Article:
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Strain gives rise to deviant behavior by generating negative states, like frustration and anger (Jang, 2015). Anger and related negative emotions are strong sources of energy for negative actions, reduction of concern over the damaging consequences of crime, and cause a desire for revenge (Jang, 2015). There are two kinds of anger: state and trait (Jang, 2015). The first one represents the transitional emotional state of an individual caused by frustration and tamper. The second kind represents a personal attitude, self-positioning, and response to situations that are perceived as frustrating and tampering (Jang, 2015). People with a high level of state anger are less likely to feel elevation of anger unlike those who have a high level of strain anger. In addition to anger, other negative emotions can facilitate crime commitment. According to Agnew’s theory, inner-directional emotions can cause internalized crimes (for example, use of drugs because of depression), while outer-directed emotions give rise to externalized crimes (for example, anger can cause aggression) (Jang, 2015).
The stability of crime commitment, the extent of negative reaction, and criminal coping are associated with personal traits of negative emotionality. For instance, individuals characterized by high negative emotionality are more likely to express the unfavorable emotions, which cause the sharpening of their negative state by increasing the extent of subjective strain and anger (Jang, 2015). For example, anger can appear by blaming others for misfortune.
Among the major sources of frustration, Robert Agnew (1985) also noted blocking pain-avoidance behavior. This behavior is reflected in situations when individuals live and work in painful or adverse environments and cannot avoid them. This can cause frustration, “illegal escape attempts or anger-based delinquency” (Agnew, 1985, p. 151). Consequently, the commitment of crime is formed by the combination of unfavorable environments, which an individual cannot avoid and blockage of pain-avoidance functions.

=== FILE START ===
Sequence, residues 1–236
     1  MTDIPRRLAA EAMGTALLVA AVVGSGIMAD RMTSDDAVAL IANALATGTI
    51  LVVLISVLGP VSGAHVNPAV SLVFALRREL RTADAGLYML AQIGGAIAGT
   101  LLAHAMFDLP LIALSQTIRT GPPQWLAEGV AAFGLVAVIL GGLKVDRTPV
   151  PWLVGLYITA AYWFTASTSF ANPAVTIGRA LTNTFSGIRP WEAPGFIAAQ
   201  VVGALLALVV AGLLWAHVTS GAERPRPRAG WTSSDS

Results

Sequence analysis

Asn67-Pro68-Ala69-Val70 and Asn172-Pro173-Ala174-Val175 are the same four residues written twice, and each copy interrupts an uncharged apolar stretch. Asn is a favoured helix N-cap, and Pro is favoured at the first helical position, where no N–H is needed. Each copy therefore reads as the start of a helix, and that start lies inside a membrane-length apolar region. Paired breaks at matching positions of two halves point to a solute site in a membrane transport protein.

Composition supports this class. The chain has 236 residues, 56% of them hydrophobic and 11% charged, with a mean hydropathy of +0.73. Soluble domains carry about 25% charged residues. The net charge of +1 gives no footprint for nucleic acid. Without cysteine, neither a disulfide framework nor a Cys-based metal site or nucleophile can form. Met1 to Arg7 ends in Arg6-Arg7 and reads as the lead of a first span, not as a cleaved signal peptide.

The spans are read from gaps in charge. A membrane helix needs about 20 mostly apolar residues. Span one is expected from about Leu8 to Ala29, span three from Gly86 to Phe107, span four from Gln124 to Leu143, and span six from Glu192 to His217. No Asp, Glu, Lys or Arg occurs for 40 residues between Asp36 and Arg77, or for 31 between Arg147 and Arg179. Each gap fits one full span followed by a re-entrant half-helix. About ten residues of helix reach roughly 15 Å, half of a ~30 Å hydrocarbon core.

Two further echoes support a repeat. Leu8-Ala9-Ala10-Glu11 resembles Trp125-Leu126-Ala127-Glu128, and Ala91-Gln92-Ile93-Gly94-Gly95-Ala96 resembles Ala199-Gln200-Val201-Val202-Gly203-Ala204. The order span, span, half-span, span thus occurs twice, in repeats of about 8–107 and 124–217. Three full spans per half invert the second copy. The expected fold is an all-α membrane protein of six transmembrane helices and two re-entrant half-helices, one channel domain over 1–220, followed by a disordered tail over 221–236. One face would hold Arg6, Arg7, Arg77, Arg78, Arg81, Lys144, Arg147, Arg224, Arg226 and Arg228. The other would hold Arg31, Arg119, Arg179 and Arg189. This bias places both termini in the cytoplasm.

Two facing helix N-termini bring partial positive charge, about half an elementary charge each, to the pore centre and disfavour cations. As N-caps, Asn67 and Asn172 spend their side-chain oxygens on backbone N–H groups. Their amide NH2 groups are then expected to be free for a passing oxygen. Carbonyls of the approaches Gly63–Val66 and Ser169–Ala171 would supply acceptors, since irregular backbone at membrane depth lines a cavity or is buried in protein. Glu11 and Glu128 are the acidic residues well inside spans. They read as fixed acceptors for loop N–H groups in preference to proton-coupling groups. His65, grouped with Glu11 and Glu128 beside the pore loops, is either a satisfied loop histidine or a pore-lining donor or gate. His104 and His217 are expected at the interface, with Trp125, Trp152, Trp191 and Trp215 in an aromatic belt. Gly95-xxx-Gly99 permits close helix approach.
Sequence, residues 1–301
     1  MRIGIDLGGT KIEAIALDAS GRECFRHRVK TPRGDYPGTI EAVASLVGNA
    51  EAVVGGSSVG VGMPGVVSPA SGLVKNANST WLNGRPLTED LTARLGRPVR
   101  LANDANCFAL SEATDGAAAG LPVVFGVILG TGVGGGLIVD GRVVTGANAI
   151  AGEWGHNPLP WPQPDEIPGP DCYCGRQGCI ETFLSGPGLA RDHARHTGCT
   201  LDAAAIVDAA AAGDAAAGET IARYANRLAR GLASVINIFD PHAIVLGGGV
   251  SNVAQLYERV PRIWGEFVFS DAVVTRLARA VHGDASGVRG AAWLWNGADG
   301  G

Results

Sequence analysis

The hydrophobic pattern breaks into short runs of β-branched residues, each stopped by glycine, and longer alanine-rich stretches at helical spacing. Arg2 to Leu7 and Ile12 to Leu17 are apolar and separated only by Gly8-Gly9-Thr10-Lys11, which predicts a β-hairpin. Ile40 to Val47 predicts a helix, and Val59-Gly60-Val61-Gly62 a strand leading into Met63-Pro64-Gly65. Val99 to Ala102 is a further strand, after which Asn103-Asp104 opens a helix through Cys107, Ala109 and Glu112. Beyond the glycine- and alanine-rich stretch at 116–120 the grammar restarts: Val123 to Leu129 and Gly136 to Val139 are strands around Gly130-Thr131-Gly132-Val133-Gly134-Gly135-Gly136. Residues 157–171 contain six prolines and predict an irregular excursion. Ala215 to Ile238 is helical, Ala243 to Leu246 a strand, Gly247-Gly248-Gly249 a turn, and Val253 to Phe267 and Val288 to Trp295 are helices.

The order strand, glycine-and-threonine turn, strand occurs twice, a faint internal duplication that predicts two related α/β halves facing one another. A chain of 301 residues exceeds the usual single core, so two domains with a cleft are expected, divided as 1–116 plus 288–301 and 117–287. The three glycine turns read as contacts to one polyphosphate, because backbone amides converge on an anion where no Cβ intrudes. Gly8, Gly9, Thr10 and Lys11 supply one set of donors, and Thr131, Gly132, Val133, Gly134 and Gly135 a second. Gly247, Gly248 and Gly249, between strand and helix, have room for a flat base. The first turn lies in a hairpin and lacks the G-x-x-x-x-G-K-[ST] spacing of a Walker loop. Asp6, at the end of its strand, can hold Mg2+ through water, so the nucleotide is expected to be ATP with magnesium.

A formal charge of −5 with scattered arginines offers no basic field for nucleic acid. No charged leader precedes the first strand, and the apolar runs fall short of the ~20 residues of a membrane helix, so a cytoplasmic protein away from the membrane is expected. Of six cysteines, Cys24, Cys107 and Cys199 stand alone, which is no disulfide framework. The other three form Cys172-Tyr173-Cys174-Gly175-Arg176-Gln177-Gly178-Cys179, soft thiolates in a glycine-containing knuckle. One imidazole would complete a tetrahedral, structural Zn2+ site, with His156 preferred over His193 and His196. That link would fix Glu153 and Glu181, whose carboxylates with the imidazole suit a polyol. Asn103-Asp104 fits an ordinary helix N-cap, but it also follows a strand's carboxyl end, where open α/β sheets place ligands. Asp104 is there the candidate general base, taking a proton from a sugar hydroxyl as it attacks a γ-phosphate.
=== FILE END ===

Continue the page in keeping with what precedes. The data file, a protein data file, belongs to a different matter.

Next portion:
Further studies of more severe forms of as-sociality enable us to determine other factors that facilitate crime committing. These factors are insufficient self-control and self-esteem, social bonding, use of drugs and alcohol (Agnew & Delisi, 2012). Researchers also paid attention to intelligence and criminals’ state of mind, Low general intelligence is widely recognized as a robust correlate of crime (Oleson, 2016, p. 229). Thus, more genius offenders obtain less attention. At the same time, researchers recognize the existence of criminals who have a high IQ. Other factors include the speed of the decision-making process, internal control, and memory.
Reflection of the Chosen Theory in the Film
The current section represents the description and analysis of the major hero of the film Catch me if you can (2002) from the standpoint of strain theory of criminology. It will be introduced in a logical manner, i.e. in the sequence of events in the film. This will assure coherent transition and enable tracking sharpening of the behavior of the main hero who committed fraud. The reason why Frank Abagnale Jr. chose particular positions in the society will be disclosed further during the analysis of the pre-story and factors that caused his deviant behavior.
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Path to Criminal Behavior and its Examination